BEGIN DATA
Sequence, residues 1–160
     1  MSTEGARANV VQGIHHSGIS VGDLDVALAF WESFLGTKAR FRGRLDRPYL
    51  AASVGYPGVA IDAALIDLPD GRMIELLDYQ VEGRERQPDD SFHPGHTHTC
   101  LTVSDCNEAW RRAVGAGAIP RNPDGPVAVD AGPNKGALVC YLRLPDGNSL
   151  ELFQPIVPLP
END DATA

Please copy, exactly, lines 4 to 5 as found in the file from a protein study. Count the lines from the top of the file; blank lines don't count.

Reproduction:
   101  LTVSDCNEAW RRAVGAGAIP RNPDGPVAVD AGPNKGALVC YLRLPDGNSL
   151  ELFQPIVPLP